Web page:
Strange New World

Strange New WorldCaptain Anthony Vico is the leader of a team of researchers aboard a space station operated by the scientific agency PAX, conducting experiments in subjecting human beings to suspended animation. The station is moved into a different orbit when a swarm of asteroids is detected nearing Earth, and the computer is set to awaken Vico and his crew in a few days is given new orders: don’t revive them for another 180 years, and then give them instructions to return to Earth to reunite with any PAX remnants that may still exist. Upon
returning to Earth, Vico and his team follow an intermittent PAX homing signal until they’re all but sitting on top of its source, at which point another signal renders them unconscious.

When Vico and his team awaken, they find themselves in an idyllic city populated entirely by young, fit people, whose leader seems intent that the PAX team should stay there. Vico loses his patients and attempts to escape, discovering that the seemingly young population consists of humans kept alive by cloning; as their organs age or fail, they are replaced by organs harvested from the clones. The PAX team is imprisoned to serve as a supply of fresh blood, with a strong immune resistance, for the clones, until Vico leads them in an escape.

The PAX survivors then run across a desert oasis filled with fresh fruit and spring water, but this find is naturally too good to be true: two primitive tribes battle over the resources of this small area of land, and one of the groups takes PAX navigator Allison Crowley hostage, leaving Vico and PAX’s Dr. Scott little time to negotiate her release – or start a local war by trying to free her before she comes to harm.

written by Ronald F. Graham, Alvin Ramrus and Walon Green
directed by Robert Butler
music by Richard Clements and Elliot Kaplan

Strange New WorldCast: John Saxon (Captain Anthony Vico), Catherine Bach (Guide), Norland Benson (Hide), Martine Beswick (Tana), Reb Brown (Sprang), Keene Curtis (Doctor Scott), Dick Farnsworth (Elder), Gerrit Graham (Daniel), Bill McKinney (Badger), Kathleen Miller (Allison Crowley), James Olson (Surgeon), Ford Rainey (Cyrus), Cynthia Wood (Arana)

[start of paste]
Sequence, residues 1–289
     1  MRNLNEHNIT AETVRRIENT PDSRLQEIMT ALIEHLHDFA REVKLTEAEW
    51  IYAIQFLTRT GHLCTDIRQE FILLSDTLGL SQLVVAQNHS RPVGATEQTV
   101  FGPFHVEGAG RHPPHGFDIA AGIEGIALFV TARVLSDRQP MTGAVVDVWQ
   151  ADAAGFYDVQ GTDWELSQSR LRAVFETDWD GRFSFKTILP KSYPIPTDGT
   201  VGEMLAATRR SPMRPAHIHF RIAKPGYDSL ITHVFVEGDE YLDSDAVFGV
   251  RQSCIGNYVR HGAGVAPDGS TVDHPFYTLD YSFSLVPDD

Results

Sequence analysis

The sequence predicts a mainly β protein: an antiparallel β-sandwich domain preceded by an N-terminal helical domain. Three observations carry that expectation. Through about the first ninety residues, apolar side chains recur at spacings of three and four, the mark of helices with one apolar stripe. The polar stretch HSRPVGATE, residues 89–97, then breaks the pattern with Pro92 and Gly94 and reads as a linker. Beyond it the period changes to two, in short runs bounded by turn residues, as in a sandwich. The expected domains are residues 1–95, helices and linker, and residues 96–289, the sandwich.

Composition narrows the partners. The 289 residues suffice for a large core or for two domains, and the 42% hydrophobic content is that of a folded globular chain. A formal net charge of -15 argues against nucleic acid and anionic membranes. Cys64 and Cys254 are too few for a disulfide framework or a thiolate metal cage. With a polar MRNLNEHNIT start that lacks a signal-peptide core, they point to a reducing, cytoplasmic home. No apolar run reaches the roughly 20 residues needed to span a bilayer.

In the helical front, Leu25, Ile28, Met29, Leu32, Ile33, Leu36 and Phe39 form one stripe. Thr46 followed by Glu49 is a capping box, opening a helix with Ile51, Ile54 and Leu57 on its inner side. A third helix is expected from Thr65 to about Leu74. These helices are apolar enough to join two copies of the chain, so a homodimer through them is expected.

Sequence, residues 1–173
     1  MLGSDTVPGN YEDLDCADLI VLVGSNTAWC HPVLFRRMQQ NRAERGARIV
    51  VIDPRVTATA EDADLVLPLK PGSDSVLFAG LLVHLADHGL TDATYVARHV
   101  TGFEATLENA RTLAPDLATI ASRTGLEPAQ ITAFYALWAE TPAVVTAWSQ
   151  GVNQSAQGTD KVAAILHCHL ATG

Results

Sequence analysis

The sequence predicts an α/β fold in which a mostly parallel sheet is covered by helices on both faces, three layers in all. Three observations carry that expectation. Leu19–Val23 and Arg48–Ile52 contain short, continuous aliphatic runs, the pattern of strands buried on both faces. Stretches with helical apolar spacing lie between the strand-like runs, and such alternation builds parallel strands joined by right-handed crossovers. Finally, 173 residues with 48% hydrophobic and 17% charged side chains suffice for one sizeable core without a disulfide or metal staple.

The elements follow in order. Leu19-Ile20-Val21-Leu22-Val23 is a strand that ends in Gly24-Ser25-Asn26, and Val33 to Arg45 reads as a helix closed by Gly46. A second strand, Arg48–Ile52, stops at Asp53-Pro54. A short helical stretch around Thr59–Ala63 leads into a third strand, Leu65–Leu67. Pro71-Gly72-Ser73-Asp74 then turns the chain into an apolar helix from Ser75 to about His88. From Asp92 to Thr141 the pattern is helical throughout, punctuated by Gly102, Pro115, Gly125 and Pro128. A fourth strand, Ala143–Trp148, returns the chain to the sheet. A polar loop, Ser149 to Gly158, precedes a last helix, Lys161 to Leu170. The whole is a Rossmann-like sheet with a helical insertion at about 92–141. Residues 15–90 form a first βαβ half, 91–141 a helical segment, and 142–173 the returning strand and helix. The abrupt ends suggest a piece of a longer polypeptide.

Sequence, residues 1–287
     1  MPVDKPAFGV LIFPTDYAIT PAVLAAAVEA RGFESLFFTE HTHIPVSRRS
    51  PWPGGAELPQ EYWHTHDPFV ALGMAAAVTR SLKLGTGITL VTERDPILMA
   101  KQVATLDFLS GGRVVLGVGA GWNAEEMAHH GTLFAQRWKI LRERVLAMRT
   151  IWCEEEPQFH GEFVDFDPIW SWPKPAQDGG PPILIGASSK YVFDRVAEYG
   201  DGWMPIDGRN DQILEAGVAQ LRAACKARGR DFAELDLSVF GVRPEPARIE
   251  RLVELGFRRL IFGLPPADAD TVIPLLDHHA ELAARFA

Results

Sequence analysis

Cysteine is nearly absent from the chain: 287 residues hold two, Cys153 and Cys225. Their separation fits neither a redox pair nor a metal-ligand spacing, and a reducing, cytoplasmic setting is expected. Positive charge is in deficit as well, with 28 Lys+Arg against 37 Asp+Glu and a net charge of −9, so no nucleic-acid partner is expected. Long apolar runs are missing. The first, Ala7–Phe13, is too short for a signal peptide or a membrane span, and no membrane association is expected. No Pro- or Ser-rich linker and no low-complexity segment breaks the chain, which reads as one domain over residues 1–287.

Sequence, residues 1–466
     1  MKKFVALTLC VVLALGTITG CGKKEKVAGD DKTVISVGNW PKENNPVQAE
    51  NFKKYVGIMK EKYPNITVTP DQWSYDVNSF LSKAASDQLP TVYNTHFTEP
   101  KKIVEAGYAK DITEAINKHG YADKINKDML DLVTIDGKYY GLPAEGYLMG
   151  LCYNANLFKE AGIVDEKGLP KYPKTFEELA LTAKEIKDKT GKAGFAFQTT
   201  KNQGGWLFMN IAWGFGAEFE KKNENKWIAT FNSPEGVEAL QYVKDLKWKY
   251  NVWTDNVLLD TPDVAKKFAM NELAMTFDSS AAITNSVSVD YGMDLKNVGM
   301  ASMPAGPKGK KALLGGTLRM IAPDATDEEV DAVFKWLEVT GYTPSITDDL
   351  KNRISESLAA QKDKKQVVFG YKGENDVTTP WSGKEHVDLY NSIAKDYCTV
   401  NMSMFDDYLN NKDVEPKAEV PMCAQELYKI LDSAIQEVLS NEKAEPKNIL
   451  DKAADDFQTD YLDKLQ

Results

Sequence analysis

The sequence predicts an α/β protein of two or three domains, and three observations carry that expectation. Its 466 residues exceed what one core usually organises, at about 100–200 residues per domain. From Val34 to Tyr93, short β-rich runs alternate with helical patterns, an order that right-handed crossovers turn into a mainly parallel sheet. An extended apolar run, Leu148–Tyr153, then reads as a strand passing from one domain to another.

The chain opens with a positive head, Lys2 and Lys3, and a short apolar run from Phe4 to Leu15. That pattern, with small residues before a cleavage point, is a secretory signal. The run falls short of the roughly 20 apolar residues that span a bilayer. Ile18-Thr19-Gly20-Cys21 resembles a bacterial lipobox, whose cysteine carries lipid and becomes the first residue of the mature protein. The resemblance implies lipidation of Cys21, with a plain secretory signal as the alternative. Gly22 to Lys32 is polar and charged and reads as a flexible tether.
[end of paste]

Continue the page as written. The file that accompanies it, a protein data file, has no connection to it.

Strange New WorldNotes: Produced without any participation from Gene Roddenberry, Strange New World is Warner Bros.’ third and final attempt to launch the PAX saga as a series, since the studio owned the rights to the format Roddenberry developed. To avoid legal entanglements, the character of Dylan Hunt was renamed Anthony Vico, though John Saxon was again cast in the role. The only other common element is the name of the PAX organization (used as a proxy for NASA here), and the basic premise of Hunt/Vico being frozen in suspended animation, only to be revived in a destroyed world which he vows to rebuild to its former glory. This was the last attempt to bring Dylan Hunt to TV in the 1970s; the next attempt, the 2000 premiere of the Strange New Worldposthumously-produced Gene Roddenberry’s Andromeda, restored Hunt’s name and retained the “man frozen in time awakens to rebuild his world” log line, but shed the PAX concept and the not-so-distant-future-of-Earth setting. The writing talent brought to bear on this final attempt to salvage the Genesis II concept was considerable: Walon Green co-wrote the classic western The Wild Bunch (1969), while Ronald F. Graham (1941-2010) wrote many episodes of UK TV series like The Professionals, The Sweeney, and Dempsey & Makepeace. Al Ramrus wrote episodes of Rat Patrol, The Man From U.N.C.L.E., and The Avengers.

8LogBook entry by Earl Green

Bookmark the permalink.

Comments are closed

  • The shows, movies and other stories covered here, and all related characters and placenames, are the property of the originators of the respective intellectual properties. This site is not intended to infringe upon the rightsholders' copyright in any way. theLogBook.com makes no attempt - in using the names described herein - to supercede the copyrights of the rightsholders, nor is any of this information officially sanctioned, licensed, or endorsed by the shows' creators, writers or producers.